Halliburton: Expected to Impress
Halliburton has been one of our favorite picks since the beginning of 2011. It has impressed us along the way, and continues to do so. Currently, HAL is expected to pop, and analysts are eagerly awaiting. James Hartje has listed his top 10 reasons you should invest in HAL.
10 Reasons Halliburton is Bullish:
- PEG = 0.59. Halliburton holds a PEG ratio of 0.59, making it a bullish indicator as the lower the company’s PEG ratio, the more cheaply valued it is. Companies with PEG ratios under 1 are undervalued — another reason we believe Halliburton is a strong investment.
- P/S = 1.83. Halliburton holds a P/S ratio of 1.83, a good valuation and strong indicator. Value investors look for P/S ratios under 2 as they show great opportunity. Another thing to consider is the fact that low P/S Ratios and rising stock prices tend to be a good basis to invest in growth stocks that have suffered a setback, something that definitely suits Halliburton, as it has been unfairly hit with share prices falling as much as 30% over the past few months as many investors correlating the fall in the price of crude oil and Halliburton’s share price too much. Over the course of the past decade, Halliburton’s P/S ratio has been below-average, making it a good indicator of value.
- ROE = 20.7%. Halliburton’s return on equity averaged out over the past three years is 20.7% (22.49% in 2011), a strong indicator going forward, especially considering the fact that Halliburton plans to grow and further reinvest money within.
- ROA = 12.55%. Equally impressive, Halliburton continues to show effective upper-level management with strong return on both assets and equity.
- Forward P/E = 9.5. Halliburton sports a cheapish forward P/E of 9.5. That represents a discount to rivals like Baker Hughes (BHI) (10.1), National Oilwell (NOV) (11.5), and Schlumberger (SLB) (14.0).
- 92% analyst buy rating. Halliburton is highly regarded among Wall Street analysts, with 95% projecting the stock to outperform the S&P 500 going forward.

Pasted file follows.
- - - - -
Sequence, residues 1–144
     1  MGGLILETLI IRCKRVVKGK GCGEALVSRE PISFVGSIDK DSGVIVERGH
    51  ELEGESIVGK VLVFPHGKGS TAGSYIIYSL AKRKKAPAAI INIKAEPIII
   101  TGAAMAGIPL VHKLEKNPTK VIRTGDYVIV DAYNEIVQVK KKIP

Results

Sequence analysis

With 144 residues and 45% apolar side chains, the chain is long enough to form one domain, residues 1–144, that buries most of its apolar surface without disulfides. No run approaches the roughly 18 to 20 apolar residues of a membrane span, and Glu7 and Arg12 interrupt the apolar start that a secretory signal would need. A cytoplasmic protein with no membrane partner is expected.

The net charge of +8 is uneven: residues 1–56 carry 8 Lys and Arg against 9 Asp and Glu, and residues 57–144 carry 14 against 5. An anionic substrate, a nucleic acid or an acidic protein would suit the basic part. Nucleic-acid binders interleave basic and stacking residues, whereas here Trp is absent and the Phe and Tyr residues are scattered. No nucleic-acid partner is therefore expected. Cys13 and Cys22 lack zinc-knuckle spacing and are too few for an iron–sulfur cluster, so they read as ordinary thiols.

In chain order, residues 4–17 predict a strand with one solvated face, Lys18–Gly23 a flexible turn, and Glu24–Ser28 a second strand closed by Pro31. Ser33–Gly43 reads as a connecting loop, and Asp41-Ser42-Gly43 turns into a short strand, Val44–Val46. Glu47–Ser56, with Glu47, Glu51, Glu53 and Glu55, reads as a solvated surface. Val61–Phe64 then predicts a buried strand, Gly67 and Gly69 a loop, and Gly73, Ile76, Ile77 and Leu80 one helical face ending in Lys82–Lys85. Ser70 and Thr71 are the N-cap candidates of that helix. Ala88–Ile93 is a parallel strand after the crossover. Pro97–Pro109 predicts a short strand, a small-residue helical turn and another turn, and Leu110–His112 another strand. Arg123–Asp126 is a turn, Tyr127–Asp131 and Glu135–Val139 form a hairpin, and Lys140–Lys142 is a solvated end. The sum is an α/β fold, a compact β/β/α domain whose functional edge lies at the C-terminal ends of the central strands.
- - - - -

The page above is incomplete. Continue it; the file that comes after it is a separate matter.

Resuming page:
- 82.50% held by institutions. Halliburton is held by forty-two hedge funds. HAL represents 4% of T. Boone Pickens BP Capital’s portfolio’ Ken Griffin’s Citadel holds more than 2 million shares; Ken Heebner holds a $170 million position; Jim Cramer holds it in his charitable trust.
- $5.9 billion total revenue. Net income for the 2nd quarter of 2011 was reported at $747 million, vs. $483 million in the 1st quarter prior year. Total revenue’s improved to $5.9 billion from $4.4 billion in the same quarter last year. Operating income increased to $1.2 billion from $762 million in the June quarter of 2010 on the improving pricing environment and higher equipment utilization.
- $1.4 billion cash balance. Halliburton currently is cash-flow-positive with a cash balance of $1.4 billion. Like we always say, “Cash is King!”
- Dividend yield = 0.9%. It’s not much, but something is better than nothing, and a near 1% dividend yield is not bad especially considering the fact that Halliburton is such a high-growth, speculative stock to begin with.
If these 10 reasons don’t persuade you to jump on Halliburton stock, I don’t know what will. We have been reporting updates on this stock for months, and are even more excited to see where it goes next. You should be too!
Quotes taken from report by James Hartje, Read the entire article here.
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